Rebecca dismounted her horse in front of the blacksmith’s shop. She straightened her long skirt and tipped her bonnet down, protecting her fair skin from the blistering sun.
The blacksmith smiled. “Need new shoes?”
“Yes, his front feet.” She stroked the gelding’s velvety brown neck. “I’m going to the mercantile while you shoe him.”
She walked across the street to the general store. Mr. Johnson was busy pouring coffee beans from a burlap bag into a glass container. He glanced up and nodded at Rebecca. She nodded back and examined some cotton fabric. It was pale blue and would make a lovely dress. The two dresses she owned were getting badly worn, but she couldn’t ask Mr. Johnson to let her charge the fabric. She hoped he would be kind enough to allow her to charge the flour and dried beans she had come after.
Taking a deep breath, she approached the counter. “Mr. Johnson, could I have some flour and beans on credit?”
He hesitated. “Mrs. Maloney, you already owe me three dollars.”
“Yes, I know. I should have some money coming in by next month. My hens haven’t started laying yet.”
“I’ll let you have the flour. I’m mighty low on beans, and the next shipment won’t be in for two weeks. I need to save them for paying customers.”
Rebecca’s bottom lip trembled. “I understand.”
Mr. Johnson’s countenance softened. “I wish it was different, Mrs. Maloney, but I do well to break even.”
She nodded, her lip still quivering.
He continued. “They’re building the railroad soon. It shouldn’t take supplies so long to get here then.”
Mr. Johnson weighed her flour and handed her the bag. “Bring me some eggs when your hens start laying, and I’ll trade with you.”
“All right.” She returned to the blacksmith shop.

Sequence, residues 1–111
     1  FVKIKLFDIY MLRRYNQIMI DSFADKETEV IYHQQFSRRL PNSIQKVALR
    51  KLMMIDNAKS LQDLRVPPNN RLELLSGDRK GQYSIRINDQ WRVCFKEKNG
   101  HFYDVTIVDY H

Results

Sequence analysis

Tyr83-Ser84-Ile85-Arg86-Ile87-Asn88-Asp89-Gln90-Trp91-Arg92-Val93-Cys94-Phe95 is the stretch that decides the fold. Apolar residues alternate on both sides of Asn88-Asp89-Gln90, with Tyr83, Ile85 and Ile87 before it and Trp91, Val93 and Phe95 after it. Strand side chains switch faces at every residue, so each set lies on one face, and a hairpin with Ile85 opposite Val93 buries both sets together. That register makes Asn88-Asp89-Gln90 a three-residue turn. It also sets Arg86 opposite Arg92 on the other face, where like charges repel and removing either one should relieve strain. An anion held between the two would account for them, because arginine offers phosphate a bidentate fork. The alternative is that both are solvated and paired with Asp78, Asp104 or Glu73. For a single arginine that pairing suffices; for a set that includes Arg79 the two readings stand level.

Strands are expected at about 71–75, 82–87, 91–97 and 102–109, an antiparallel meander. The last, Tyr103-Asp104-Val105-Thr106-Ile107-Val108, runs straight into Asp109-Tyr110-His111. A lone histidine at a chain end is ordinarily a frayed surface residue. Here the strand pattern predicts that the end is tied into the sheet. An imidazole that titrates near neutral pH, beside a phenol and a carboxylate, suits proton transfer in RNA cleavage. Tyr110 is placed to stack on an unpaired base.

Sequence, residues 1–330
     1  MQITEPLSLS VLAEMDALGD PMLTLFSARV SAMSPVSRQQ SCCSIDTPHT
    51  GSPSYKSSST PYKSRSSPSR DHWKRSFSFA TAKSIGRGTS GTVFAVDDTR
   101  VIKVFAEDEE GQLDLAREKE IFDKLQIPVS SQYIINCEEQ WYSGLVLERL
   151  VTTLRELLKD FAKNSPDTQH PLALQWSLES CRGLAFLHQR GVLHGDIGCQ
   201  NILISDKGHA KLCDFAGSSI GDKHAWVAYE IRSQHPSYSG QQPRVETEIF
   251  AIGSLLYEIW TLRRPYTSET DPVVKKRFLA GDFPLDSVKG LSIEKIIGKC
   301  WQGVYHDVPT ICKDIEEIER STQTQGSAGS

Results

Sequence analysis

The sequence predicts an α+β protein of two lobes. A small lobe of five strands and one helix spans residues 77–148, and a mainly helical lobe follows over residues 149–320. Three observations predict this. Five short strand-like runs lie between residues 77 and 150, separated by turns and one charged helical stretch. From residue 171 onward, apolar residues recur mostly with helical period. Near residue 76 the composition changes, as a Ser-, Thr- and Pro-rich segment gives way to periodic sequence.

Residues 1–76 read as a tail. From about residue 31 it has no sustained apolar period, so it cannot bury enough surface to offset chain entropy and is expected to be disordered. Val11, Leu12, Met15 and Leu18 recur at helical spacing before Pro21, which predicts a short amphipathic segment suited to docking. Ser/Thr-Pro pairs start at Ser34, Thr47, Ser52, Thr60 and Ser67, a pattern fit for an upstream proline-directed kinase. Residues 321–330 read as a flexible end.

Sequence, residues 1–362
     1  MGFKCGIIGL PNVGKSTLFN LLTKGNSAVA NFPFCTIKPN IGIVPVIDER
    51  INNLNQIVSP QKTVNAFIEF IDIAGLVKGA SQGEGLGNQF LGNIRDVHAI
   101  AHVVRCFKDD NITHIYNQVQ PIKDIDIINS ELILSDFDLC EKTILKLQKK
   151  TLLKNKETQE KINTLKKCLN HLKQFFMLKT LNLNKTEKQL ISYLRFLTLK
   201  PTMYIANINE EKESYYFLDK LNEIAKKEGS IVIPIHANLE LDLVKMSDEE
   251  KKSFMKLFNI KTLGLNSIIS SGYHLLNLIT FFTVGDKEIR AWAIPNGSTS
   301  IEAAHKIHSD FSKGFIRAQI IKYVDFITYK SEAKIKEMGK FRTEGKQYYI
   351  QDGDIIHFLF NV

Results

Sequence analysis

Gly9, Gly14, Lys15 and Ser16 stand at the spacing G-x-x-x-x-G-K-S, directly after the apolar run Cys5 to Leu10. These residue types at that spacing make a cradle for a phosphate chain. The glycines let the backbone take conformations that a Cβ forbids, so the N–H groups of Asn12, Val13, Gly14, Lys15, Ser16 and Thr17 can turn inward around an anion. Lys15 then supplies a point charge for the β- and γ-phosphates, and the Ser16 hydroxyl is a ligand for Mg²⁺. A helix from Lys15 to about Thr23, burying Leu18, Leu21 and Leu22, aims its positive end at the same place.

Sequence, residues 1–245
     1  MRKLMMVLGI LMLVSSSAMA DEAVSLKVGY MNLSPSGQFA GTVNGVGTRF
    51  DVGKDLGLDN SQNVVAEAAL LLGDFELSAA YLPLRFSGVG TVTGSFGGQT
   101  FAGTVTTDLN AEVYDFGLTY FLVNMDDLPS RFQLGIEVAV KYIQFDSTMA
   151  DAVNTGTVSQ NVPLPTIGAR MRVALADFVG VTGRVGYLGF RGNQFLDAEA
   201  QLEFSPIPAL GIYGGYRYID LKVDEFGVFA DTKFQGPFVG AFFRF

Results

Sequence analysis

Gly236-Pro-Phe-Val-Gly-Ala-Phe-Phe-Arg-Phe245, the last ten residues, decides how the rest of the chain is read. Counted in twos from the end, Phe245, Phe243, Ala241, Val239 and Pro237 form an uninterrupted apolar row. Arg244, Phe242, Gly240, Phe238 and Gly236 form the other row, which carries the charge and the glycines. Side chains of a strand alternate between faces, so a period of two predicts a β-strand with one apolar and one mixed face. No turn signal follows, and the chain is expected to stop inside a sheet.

After a short wait, the blacksmith had finished. “He’s ready. This will be the last time I can shoe him for free. I figure I’ve repaid my debt to your late husband now.”
“Yes. Thank you.”
Rebecca was about to mount her horse when the stage coach made its usual stop in front of the mercantile. The wheels had barely stopped turning when an obviously distraught woman bounded out and ran in the store. Rebecca watched as she stayed inside only a moment, then came running across the street to the blacksmith’s shop.
The woman spotted Rebecca. “Are you Rebecca Maloney?”
“Yes.” Rebecca couldn’t help noticing the woman’s fine satin dress and feathered hat with the pearl hatpin.
“My brother is ill. They said there’s no doctor for fifty miles, but you care for the sick. Come.”
She turned and ran back across the street, with Rebecca following.
The young woman threw the coach door open. “He took ill yesterday afternoon.”
Sweat beaded the forehead and upper lip of the young man. His eyes were glassy, and he didn’t respond when Rebecca spoke to him.
She motioned to the driver. “Follow me.”
She got her horse and led the driver and the young woman to her house. The three of them carried the patient inside and put him in Rebecca’s feather bed.
The driver returned to his route, leaving the two women. Rebecca had lots of questions. “What’s his name?”
“George Sneed. I’m his sister Katherine. We’re here to do some planning for the railroad.”
“He’s awfully ill.” She drew a damp cloth across his forehead.
“Will he be all right?”
“If it’s the Lord‘s will. Stay with him while I get something.”
She returned shortly and placed a strong-smelling poultice on his chest. “Let’s pray.”
Bowing her head, she offered a prayer for the stranger.
Rebecca stayed at his side, dusk falling around them. She lit the oil lamp and sat with him all night, taking turns mopping his brow and holding Katherine’s hand.
By morning, George’s fever had broken, and he opened his eyes.
The first thing he saw was Rebecca’s green eyes staring back at him, and he spoke. “You’re lovely.”
She blushed and turned to Katherine. “I think he’s going to be okay.”
“We owe you so much. You truly have a gift. I’m going to the mercantile and tell them to let you have whatever you want. George and I will pay the bill.”
“I can’t let you do that. This is just what God has called me to do.”
“And God has called me to be generous.”
A broad smile broke across Rebecca’s face. Katherine smiled back.
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